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Florida Gov. Jeb Bush Presides Over Electoral Vote Casting in Tallahassee

Aired December 18, 2000 - 12:03 p.m. ET


FRANK SESNO, CNN ANCHOR: We are going to be going through more of the president-elect's rounds in just a couple minutes, but we want to go to Susan Candiotti now. She's in the great state of Florida, in Tallahassee, where electors there are busy at work -- Susan.


SESNO: Susan Candiotti in Tallahassee, Florida. All right, we'll go to Susan Candiotti...

CANDIOTTI: Joining now in progress the process of the -- we've got the process under way of the casting of the ballots by Florida's 25 electors. Here, of course, is the president-elect's brother, Florida Gov. Jeb Bush, now addressing the electors.



GOV. JEB BUSH (R), FLORIDA: Thank you very much. Thank you.

Thank you. Please be seated. Please. Thank you.

This meeting of the presidential electors for the state of Florida is called to order. And it is being called to order in a very historic time. I -- over the last month of time here in Tallahassee, apart from the tremendous economic boom that the city has benefited from having so many guest from all across the country, we also have been the focal point of this election.

And I want to, once again, commend both my brother, the president-elect, and Vice President Gore for their speeches of last week to show that this country, in spite of a very hard-fought election, in spite of a incredibly close election, when it all gets down to it, we're all Americans, we're all focused on the rule of law, we all believe and love our country, we believe it's the greatest country on the face of this Earth. And I want to pay my respects particularly to Vice President Gore for his incredibly gracious concession speech so that we are now here without all sorts of other legal issues to deal with. And I know, as electors, you're pleased with that as well.

I also want to say that this election in Florida, at least, was one of the most exciting elections that I've ever been involved in. Many of you all participated in that election and fought very hard for Gov. Bush of Texas. And we know that the other side had an incredible team on the field as well.

And I hope that the sense -- the higher voter participation in our state -- a significantly higher number of Floridians participated in the election -- and the sense of passion of being involved in the political process won't wane. I hope that, in our state, that we continue a tradition of more civic involvement and more participation in the political process. The void will be filled by people that may not have goodness in their heart if we don't continue to participate. And I commend Floridians for their exercise of their responsibility and their right to participate in this political process. And I hope that that healthy aspect of this election will carry forward in the years to come.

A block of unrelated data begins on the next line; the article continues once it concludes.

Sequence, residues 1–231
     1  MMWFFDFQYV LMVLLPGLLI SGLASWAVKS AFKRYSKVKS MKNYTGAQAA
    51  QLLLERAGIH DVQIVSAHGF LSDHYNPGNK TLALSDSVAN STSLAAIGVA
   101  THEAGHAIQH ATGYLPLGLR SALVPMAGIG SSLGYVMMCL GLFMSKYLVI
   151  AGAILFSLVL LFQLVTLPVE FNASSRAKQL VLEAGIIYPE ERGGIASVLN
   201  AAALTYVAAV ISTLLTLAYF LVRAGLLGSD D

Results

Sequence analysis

Now, I have a particular duty as the moderator of this. But before we do that, I would like you all to rise. And as many before you as electors have done since the beginning of the creation of our republic, I would like for you all to say the Pledge of Allegiance with me.

FLORIDA ELECTORS: I pledge allegiance to the flag of the United States of America. And to the republic for which it stands, one nation, under God, indivisible, with liberty and justice for all.

BUSH: Thank you very much.

I will now have the roll call. If anyone is a substitute elector -- and I don't believe there are any -- please tell me your name when you hear the name of the elector for whom you were substituting -- Ben.

UNIDENTIFIED MALE: Charles W. Cane (ph).


UNIDENTIFIED MALE: Maria de la Meyetta (ph).


UNIDENTIFIED MALE: Sandra M. Faulkner (ph).


SESNO: And you are watching the process from the beginning -- with its roots, rather, to the beginning of this constitutional republic.

Susan Candiotti in Florida, tell us what's happening and give us a little bit of the sense and the feeling behind this. This is Florida, after all, where so much has taken place for so long.

CANDIOTTI: That's right, Frank. This is where the final stages of the election battle took place, where, you recall, because of closeness of the election here, there was a mandatory recount. Eventually, that led to a trial, and on to the Florida Supreme Court, which ordered a counting of the undervotes. That was eventually stopped by the U.S. Supreme Court after that court criticized Florida for lacking what they called a unified standard of counting ballots.

And since that time, once Vice President Gore made his concession speech, in fact, Florida's Gov. Jeb Bush just the other day announced that he was creating a blue ribbon panel to come up with better ways and possible changes to the Florida election code to prevent this kind of thing from happening again, not only in determining a voter's intent when there is a recount of ballots, but also to look for a better system of casting ballots to begin with, and perhaps get rid of those old punch-card ballots.